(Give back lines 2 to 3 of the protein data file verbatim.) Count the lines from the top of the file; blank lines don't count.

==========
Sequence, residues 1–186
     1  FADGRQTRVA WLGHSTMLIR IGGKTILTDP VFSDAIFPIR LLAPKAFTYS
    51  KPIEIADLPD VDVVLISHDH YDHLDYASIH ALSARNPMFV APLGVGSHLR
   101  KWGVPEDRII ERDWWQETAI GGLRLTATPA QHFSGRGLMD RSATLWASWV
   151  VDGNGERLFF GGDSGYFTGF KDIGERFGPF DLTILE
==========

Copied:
     1  FADGRQTRVA WLGHSTMLIR IGGKTILTDP VFSDAIFPIR LLAPKAFTYS
    51  KPIEIADLPD VDVVLISHDH YDHLDYASIH ALSARNPMFV APLGVGSHLR